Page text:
While Criminal Man was probably Lombroso's most influential work, he also wrote at length about women and crime, and wrote many papers which sought to demonstrate how phenomena such as tattooing amongst criminals were indicative of the survival of primeval instincts.
Lombroso on Crime
Lombroso's theory obviously presented a great challenge for older psychological theories and ideas of jurisprudence. It posited that criminals were born with an innate potential for anti-social behaviour. They did not become criminals simply because they fell victim to unfortunate social circumstances.
Even though Lombroso believed that the root causes of many social problems lay in human biology, he was no fatalist. He maintained that government had a duty to adopt more humane attitudes to crime and punishment. It would be immoral, he maintained, arguing for the law to seek retribution from those who were biologically incapable of restraining from anti-social behaviour.
Like Galton, he came to believe that the prevention of crime required the development of a science of eugenics, that would allow state agencies to implement programs of social and moral improvement through breeding.
(The following text was taken from http://amistad.mysticseaport.org/library/misc/am.phren.journl.html)
Fowler, L.N. "Phrenological Developments of Joseph Cinquez, Alias Ginqua." American Phrenological Journal and Miscellany, vol. 2 (1840), 136-138.
Phrenological Developments of Joseph Cinquez, Alias Ginqua
Mr. Editor --
Inasmuch as the Africans, recently cast upon our shore, have created considerable excitement in various parts of the country, I have thought it might be interesting to present the public, through your Journal, with a brief sketch of the phrenological developments and character of their leader, viz. Joseph Cinquez or Ginqua. On the 5th of September, I visited New Haven, where the Africans were then confined, and made a critical examination of Cinquez’s head. I also took in plaster of Paris an exact likeness of his head, which is now deposited in my cabinet, and may be examined by any person who will call at No.135 Nassau Street, New York. The following cut, taken from this cast, will perhaps convey to your readers a correct view of the outlines of Cinquez’s head.
His head is peculiar in shape, being long and high, but narrow. The base of his brain is inferior in size; consequently the lower animal propensities do not constitute the leading elements of his character. His temperament is very favourable to mental and physical exercise, being nervous bilious, with a fair portion of the sanguine. He is rather tall and spare, but well-formed, and adapted for great physical and mental exertions. His appearance indicates a strong constitution, and great powers of endurance. He has very fine pliable hair, thin and soft skin, with strongly-marked nervous and locomotive powers. His head measures most in the region of those faculties giving a love of liberty, independence, determination, ambition, regard for his country, and for what he thinks is sacred and right; also, good practical talents and powers of observation, shrewdness, tact, and management, joined with an uncommon degree of moral courage and pride of character.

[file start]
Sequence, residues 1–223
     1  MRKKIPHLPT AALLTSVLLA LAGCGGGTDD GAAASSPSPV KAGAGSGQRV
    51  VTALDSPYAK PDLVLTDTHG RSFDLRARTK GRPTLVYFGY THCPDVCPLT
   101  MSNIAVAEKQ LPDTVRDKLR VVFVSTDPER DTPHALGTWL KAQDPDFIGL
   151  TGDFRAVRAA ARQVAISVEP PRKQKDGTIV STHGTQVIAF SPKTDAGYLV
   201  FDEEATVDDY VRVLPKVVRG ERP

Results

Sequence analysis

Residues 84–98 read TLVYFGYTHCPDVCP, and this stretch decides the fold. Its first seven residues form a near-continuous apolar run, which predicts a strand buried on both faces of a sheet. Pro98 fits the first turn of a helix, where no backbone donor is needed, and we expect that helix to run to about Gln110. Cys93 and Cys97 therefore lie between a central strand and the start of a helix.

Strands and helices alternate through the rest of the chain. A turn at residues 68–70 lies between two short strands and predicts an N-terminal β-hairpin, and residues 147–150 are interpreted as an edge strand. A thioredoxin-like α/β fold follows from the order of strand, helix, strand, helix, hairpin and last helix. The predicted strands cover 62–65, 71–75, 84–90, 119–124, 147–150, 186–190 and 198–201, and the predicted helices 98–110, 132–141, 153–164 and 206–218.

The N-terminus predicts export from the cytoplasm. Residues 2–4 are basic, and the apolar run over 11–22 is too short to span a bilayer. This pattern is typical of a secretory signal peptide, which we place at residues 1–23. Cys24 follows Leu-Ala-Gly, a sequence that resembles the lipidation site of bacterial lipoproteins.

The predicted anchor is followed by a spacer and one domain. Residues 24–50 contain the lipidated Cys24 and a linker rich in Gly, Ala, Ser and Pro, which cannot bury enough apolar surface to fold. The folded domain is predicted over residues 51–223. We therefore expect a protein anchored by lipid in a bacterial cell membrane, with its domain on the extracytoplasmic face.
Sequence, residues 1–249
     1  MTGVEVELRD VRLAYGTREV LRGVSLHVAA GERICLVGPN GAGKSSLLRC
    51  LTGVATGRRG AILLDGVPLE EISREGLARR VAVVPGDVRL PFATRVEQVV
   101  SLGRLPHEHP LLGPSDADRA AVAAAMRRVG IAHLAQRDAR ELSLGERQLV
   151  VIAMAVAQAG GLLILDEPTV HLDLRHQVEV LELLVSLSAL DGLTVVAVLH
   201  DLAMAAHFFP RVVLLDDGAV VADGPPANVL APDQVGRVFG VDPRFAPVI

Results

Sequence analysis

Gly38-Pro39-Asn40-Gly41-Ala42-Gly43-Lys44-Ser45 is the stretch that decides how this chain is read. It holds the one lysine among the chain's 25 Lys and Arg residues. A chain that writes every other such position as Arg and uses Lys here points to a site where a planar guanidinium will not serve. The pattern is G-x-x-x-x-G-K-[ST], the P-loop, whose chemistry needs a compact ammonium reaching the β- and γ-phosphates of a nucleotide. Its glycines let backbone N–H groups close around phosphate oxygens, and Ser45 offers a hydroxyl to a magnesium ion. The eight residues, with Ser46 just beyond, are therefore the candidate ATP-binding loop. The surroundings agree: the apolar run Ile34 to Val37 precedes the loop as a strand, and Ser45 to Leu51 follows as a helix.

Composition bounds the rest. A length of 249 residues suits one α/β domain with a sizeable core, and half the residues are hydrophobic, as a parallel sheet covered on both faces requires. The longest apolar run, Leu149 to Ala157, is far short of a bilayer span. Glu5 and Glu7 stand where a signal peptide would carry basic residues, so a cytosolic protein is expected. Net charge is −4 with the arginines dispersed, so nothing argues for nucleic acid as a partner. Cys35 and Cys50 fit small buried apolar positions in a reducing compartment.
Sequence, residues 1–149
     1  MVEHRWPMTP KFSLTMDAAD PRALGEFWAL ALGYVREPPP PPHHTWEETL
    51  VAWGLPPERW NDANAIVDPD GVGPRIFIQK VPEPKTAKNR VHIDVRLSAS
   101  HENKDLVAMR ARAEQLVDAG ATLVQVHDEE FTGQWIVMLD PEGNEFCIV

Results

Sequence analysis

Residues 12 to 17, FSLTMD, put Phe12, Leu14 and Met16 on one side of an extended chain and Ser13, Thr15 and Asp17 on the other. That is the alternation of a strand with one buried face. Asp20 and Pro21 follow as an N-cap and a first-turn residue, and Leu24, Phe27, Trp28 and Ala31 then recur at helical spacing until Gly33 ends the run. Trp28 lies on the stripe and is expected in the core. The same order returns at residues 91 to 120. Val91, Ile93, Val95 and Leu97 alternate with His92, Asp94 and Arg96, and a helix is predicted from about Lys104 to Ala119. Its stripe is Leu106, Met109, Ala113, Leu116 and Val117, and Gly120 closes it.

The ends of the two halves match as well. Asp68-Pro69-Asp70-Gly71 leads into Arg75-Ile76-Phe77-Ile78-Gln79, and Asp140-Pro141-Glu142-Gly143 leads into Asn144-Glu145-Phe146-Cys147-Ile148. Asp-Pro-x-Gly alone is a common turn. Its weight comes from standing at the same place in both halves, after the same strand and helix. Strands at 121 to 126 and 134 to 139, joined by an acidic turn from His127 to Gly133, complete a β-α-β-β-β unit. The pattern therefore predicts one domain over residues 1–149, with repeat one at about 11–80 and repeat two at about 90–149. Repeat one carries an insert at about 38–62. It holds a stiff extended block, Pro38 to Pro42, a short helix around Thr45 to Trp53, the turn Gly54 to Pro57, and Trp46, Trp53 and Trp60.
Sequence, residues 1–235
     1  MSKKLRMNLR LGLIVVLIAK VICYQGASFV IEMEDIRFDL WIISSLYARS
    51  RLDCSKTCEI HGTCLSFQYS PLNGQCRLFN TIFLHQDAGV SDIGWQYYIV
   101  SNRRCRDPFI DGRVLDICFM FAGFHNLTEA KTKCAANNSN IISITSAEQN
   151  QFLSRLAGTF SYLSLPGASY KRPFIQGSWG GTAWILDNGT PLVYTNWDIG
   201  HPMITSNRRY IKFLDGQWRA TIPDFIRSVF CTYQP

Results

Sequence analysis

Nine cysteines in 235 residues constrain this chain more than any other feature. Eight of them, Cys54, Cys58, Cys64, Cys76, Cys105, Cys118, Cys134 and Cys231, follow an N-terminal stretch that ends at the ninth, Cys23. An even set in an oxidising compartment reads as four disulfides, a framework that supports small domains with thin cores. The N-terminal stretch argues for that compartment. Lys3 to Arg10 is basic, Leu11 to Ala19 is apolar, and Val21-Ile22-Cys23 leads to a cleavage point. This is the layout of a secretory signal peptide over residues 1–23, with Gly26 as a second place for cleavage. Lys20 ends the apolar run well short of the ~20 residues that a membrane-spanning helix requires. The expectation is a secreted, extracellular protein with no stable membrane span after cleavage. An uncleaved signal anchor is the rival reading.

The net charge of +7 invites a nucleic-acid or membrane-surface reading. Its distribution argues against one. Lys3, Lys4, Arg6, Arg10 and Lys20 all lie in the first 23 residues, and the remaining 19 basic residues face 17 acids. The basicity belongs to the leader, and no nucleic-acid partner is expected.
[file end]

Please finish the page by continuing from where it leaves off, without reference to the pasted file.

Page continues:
Amativeness, Adhesiveness, Combativeness, Destructiveness, Alimentiveness, and Acquisitiveness, are only fairly developed, and would have but a common or ordinary influence in the formation of his character. The organs of Self-esteem and Firmness are very large, and would form leading traits in his character. I should not infer that he was naturally cruel, malicious, or even selfish, except in relation to his liberty and his rights. But while he is not revengeful or ill-natured, he has too much pride and love of self to become subject to the will of others. He could not be trifled with, with impunity; his indignation is extreme, and he would not easily give up the object of his pursuit. His thoughts and feelings are protracted and connected, owing to his large Concentrativeness and Firmness. Inhabitiveness is large, and would render him much attached to home and country; his domestic organs being only fairly developed, he would not be particularly warm-hearted, social, and fond of friends or company -- had much rather have influence and power than friends, and, at times, might be tyrannical and dictatorial, yet withal, has much humanity, kindness, and sympathy, for the happiness of others.
His intellect is generally well-balanced, and better developed than most persons belonging to his race. Still he is quite deficient in those faculties giving natural refinement, delicacy of feeling, imagination, powers of adaptation, and construction. His general memory and practical talents, I should think, might be good. He has the requisite faculties for rendering him a close observer of men and things, and a good judge of human nature. Though Causality is not very strong, yet, having rather large Secretiveness and Cautiousness, he would be shrewd, artful, and a very good manager. He would have great self-possession in times of danger, and might easily conceal, by the expressions of his countenance all appearance of his real feelings or designs, so that it would be difficult to find him out, or detect his plans. His faculties admirably adapt him to take the lead, secure power, and command the respect of others, as well as render him capable of exerting a controlling influence over the minds of those like the native Africans. His cerebral organisation, as a whole, I should think, was also superior to the majority of negroes in our own country.
New York, November 8, 1839
©1997, Mystic Seaport Museum, Inc.